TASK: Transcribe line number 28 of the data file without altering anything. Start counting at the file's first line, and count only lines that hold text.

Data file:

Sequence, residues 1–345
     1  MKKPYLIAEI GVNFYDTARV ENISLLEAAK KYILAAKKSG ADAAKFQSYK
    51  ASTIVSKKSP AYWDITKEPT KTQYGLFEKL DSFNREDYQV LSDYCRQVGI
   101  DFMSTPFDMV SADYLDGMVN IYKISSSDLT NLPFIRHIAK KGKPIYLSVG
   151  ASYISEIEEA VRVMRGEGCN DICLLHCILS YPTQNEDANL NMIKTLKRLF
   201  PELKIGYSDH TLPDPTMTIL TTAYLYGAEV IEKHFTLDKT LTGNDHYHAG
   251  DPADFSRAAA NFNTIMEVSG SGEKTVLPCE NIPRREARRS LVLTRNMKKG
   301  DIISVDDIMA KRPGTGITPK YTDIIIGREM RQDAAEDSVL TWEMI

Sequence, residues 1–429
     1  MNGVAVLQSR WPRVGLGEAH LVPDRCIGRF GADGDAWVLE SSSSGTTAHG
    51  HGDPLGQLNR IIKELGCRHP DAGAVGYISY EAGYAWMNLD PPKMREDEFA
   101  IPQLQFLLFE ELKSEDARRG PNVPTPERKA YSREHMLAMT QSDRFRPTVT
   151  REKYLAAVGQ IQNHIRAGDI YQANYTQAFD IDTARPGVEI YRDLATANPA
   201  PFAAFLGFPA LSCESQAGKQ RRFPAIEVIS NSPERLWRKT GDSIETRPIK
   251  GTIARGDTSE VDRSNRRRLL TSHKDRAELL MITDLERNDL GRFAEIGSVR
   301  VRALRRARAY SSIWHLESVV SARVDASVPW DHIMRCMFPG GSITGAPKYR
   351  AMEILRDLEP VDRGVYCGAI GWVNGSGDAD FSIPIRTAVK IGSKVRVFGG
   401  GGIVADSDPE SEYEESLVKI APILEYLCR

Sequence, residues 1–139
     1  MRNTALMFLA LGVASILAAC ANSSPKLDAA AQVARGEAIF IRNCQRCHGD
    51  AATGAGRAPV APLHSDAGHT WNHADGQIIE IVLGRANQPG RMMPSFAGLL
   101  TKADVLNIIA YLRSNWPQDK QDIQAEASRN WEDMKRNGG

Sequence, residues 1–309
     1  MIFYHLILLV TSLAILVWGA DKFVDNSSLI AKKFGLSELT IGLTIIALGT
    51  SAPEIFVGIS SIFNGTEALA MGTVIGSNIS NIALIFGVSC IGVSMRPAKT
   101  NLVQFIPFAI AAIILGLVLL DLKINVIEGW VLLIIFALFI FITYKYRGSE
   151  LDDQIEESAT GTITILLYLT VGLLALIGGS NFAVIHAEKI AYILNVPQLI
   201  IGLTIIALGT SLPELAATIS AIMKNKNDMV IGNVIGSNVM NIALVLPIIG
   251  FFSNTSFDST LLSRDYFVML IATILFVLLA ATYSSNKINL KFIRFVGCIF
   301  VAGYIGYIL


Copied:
   201  IGLTIIALGT SLPELAATIS AIMKNKNDMV IGNVIGSNVM NIALVLPIIG